Sweet Fuse: A Great Addition To The Dating-Sim Genre

By Jenni . September 4, 2013 . 2:03pm

I’m calling dibs on Ryusei Mitarashi. No disputes. It’s totally allowed. Mitarashi is mine. I’ve been playing Sweet Fuse: At Your Side like crazy the last week, have traversed Mitarashi, Meoshi and the “Secret Character’s” routes and I can confidentally say that Mitarashi is the one I want. Not only that, but I can also wholeheartedly endorse Sweet Fuse as the best otome game I’ve played in a long time. It has one of the best visual novel storylines I’ve enjoyed in a long while.

 

Sweet Fuse is the impeccably written and translated tale of one Saki Inafune. That’s Inafune as in niece-of-Mega-Man-creator Inafune. She’s an 18-year-old high school student who loves video games and wakes one morning, excited by the thought of being one of the first people to visit the Gameatorium. Keiji Inafune, her uncle, decided the world needed a theme park inspired by the best video games. (Sidenote: We so need a Gameatorium IRL.) A special preview event is going on and since she’s family, she gets the VIP treatment.

 

Except, this opening event turns out to be the worst one ever. During Keiji Inafune’s opening speech, a man in a grotesque hog suit appears on screen. He dubs himself Count Hogstein, takes everyone in the park hostage with his masked, Piglet accomplices, and says the fate of everyone’s lives will rest on seven people who will go through seven of the Gameatorium’s attractions in seven days. Each attraction will have three “tests” that must be solved between noon and 7pm. If the group fails, the attraction blows up with them inside, and the hostages die.

 

Saki does not like the sound of that, and isn’t going to stand by and be a hostage. She is the first, and only, person to volunteer for Hogstein’s games, and finds that she’ll have to work with six elligible bachelors to save her uncle, the innocent captives, and the park.

 

Before I get into how Sweet Fuse works and why it’s an absolutely fantastic game that every one of you, regardless of gender, should play, I have to explain why I love Saki almost as much as I do Mitarashi. (Remember, DIBS.) I’ve played a lot of otome games. Good ones, bad ones, Japanese ones, and ones from indie developers in North America and this is the first time I’ve had a heroine who sounds and acts just like I would. Sure, Quinrose is awesome with providing strong, female leads for their visual novels, but Sweet Fuse marks the first time I’ve seen a dating sim with someone who behaves and reacts not only as I would, but as my friends would as well. She’s a strong, intelligent girl who speaks her mind and isn’t going to cater to someone else’s desires.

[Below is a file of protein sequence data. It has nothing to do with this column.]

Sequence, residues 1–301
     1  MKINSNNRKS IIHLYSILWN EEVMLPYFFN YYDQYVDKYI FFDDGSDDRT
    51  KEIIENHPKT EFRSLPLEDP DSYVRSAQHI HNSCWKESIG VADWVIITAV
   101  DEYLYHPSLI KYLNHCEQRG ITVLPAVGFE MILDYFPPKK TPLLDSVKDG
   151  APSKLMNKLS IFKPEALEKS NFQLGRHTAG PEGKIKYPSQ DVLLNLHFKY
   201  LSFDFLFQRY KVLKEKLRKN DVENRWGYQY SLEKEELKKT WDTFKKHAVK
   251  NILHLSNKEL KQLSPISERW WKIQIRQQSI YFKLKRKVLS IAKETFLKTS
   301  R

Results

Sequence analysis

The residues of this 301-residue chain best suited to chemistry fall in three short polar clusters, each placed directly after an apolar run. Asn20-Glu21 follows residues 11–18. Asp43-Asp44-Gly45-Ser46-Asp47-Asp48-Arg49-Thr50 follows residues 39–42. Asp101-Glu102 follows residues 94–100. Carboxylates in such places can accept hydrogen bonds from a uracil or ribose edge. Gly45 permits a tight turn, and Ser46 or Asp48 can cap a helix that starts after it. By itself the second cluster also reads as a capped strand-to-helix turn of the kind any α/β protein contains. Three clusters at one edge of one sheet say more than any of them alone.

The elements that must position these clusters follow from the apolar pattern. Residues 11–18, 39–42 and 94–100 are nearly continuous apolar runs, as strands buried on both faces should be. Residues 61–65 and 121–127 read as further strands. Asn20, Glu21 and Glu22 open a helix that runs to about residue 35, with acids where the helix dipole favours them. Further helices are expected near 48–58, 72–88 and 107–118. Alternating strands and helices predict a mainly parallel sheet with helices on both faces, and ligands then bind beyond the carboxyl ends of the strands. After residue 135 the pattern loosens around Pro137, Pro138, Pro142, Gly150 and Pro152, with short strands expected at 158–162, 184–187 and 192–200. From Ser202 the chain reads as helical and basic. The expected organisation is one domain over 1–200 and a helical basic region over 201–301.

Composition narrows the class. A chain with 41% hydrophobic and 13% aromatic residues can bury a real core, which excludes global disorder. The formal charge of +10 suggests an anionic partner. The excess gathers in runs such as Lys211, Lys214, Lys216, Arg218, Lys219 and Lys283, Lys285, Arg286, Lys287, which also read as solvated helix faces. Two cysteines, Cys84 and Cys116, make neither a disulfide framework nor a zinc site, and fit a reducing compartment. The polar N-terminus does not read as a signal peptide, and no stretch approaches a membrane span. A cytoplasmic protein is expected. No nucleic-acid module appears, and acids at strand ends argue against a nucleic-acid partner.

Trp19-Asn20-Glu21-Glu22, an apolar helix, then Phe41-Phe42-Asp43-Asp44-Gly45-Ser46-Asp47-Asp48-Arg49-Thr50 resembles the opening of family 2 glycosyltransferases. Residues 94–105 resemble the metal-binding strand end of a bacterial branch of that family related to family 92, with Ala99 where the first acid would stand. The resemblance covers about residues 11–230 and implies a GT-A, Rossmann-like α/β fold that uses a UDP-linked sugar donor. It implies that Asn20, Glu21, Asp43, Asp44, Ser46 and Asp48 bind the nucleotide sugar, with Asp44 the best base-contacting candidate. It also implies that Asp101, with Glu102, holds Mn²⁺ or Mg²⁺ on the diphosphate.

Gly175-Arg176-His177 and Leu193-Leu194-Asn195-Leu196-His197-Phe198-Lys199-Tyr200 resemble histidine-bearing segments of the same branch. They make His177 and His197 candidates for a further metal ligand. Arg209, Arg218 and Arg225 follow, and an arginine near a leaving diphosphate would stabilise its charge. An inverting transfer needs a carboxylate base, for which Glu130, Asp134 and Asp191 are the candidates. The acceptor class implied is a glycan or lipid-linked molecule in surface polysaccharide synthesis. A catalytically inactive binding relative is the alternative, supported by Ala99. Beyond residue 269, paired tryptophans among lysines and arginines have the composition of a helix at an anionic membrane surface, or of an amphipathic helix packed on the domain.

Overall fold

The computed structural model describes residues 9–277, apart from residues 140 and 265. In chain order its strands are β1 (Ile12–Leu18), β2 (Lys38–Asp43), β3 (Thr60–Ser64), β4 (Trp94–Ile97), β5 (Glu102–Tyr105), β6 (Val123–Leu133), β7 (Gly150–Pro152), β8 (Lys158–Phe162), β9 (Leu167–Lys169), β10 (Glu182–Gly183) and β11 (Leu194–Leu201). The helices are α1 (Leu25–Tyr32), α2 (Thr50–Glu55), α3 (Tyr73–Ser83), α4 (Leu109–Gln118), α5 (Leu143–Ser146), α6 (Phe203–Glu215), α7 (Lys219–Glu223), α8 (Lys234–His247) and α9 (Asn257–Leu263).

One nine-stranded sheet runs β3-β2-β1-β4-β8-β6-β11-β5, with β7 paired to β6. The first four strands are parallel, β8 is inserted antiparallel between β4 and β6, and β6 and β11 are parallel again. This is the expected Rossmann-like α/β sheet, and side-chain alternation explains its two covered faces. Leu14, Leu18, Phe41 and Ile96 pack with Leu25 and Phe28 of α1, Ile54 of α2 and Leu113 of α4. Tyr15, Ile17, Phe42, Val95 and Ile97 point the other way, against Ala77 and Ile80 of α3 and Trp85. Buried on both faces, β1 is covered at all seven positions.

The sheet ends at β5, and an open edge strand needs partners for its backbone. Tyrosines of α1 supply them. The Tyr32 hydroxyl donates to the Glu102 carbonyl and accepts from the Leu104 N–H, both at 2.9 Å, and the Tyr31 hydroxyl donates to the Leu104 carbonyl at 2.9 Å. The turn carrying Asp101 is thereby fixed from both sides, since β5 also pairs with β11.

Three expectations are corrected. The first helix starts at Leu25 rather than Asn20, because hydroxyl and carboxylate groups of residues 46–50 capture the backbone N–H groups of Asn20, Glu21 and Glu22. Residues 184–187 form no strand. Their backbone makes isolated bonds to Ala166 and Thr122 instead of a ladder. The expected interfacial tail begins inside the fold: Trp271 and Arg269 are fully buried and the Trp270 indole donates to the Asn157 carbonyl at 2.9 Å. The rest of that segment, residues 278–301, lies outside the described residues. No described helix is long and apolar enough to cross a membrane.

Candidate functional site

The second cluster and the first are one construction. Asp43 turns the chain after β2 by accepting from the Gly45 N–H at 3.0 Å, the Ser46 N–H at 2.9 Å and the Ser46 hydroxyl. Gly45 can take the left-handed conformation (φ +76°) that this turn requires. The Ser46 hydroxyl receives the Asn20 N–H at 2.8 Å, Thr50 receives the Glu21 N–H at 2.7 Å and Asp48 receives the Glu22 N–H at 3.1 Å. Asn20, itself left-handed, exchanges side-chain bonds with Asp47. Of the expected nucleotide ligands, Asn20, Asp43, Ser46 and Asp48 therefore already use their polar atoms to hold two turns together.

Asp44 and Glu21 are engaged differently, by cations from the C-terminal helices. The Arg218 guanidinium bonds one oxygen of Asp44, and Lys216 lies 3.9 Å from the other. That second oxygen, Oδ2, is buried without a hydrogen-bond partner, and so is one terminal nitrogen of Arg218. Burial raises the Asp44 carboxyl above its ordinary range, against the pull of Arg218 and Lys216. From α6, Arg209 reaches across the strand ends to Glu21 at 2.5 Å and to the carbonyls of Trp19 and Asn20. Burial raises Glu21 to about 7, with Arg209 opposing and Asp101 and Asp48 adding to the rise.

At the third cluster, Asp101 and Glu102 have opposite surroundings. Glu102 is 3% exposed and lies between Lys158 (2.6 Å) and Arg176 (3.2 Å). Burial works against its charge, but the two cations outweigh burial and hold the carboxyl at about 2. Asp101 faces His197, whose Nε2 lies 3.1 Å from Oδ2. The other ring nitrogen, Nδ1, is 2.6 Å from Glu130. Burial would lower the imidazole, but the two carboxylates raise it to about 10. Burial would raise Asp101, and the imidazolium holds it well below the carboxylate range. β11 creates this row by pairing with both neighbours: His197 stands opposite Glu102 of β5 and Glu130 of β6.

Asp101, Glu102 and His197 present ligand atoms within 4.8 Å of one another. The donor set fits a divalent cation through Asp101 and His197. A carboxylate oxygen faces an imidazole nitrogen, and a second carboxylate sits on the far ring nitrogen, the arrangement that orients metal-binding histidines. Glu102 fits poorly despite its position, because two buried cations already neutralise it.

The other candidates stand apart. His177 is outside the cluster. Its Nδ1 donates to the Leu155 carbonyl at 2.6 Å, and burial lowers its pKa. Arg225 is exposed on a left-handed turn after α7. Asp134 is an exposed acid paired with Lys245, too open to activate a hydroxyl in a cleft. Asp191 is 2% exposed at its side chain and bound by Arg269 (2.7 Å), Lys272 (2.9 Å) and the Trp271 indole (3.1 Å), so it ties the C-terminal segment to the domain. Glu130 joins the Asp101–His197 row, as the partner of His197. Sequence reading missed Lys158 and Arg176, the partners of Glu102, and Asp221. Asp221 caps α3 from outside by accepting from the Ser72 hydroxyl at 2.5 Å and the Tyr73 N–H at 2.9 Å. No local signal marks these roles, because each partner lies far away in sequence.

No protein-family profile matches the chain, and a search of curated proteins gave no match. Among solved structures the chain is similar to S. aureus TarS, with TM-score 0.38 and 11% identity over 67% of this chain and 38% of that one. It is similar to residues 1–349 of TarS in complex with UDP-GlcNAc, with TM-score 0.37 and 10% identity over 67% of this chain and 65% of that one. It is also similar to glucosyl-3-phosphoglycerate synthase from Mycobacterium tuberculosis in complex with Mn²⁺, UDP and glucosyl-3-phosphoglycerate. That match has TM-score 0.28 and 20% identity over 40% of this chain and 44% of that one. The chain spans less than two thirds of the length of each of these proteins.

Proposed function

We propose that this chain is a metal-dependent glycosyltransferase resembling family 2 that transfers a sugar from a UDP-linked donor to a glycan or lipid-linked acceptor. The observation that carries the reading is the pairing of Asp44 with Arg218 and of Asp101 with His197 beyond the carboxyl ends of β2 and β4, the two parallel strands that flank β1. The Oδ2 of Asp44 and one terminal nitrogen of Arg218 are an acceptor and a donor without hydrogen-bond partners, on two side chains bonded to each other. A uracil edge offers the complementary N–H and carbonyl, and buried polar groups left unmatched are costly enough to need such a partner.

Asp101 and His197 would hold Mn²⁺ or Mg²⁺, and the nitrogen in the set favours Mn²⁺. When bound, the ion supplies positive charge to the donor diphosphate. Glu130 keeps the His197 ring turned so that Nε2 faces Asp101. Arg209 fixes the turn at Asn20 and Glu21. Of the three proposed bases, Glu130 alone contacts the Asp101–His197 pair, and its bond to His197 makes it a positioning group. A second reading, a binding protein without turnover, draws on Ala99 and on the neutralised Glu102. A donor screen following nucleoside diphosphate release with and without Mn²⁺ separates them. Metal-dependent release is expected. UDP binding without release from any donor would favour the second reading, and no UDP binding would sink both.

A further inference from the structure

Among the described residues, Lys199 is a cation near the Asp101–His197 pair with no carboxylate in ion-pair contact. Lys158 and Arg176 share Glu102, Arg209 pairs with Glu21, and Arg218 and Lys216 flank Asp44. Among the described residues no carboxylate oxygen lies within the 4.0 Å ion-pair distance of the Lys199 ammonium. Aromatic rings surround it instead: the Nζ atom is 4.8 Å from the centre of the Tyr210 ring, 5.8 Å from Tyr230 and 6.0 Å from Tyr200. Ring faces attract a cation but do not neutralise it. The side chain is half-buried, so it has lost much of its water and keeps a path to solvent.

Even her reactions to situations don’t have her changing her personality to meet the expectations of others. I was especially pleased to see the only way to get the “best” endings with both Mitarashi and the “secret character” is to be true to herself, and not behave in a submissive or overly girly way. Saki is strong, she will not tolerate your horse puckey, and if you don’t like it, shut up.

 

But again, I’m getting ahead of myself. Sweet Fuse is a typical Idea Factory Otomate visual novel, despite the prospect of puzzles. It’s 100% reading and choosing one of two or three possible responses or actions to move the story forward. Occasionally, the group will be stumped when in a situation, and Saki will have to use her explosive insight to pore over Hogstein’s clues and pick three highlighted words to see if she can divine a solution to the current situation by thinking harder about it.